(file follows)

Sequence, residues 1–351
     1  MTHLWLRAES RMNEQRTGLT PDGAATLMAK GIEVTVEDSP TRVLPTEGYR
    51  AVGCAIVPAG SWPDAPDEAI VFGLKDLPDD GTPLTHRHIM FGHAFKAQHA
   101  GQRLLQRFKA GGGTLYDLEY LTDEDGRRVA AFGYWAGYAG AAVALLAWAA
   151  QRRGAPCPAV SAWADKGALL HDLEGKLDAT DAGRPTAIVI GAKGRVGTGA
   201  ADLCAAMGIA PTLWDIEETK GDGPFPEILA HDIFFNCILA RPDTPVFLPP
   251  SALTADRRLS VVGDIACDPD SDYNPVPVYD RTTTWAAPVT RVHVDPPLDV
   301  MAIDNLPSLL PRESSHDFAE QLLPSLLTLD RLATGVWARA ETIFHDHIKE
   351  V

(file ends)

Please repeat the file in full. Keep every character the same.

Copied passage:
Sequence, residues 1–351
     1  MTHLWLRAES RMNEQRTGLT PDGAATLMAK GIEVTVEDSP TRVLPTEGYR
    51  AVGCAIVPAG SWPDAPDEAI VFGLKDLPDD GTPLTHRHIM FGHAFKAQHA
   101  GQRLLQRFKA GGGTLYDLEY LTDEDGRRVA AFGYWAGYAG AAVALLAWAA
   151  QRRGAPCPAV SAWADKGALL HDLEGKLDAT DAGRPTAIVI GAKGRVGTGA
   201  ADLCAAMGIA PTLWDIEETK GDGPFPEILA HDIFFNCILA RPDTPVFLPP
   251  SALTADRRLS VVGDIACDPD SDYNPVPVYD RTTTWAAPVT RVHVDPPLDV
   301  MAIDNLPSLL PRESSHDFAE QLLPSLLTLD RLATGVWARA ETIFHDHIKE
   351  V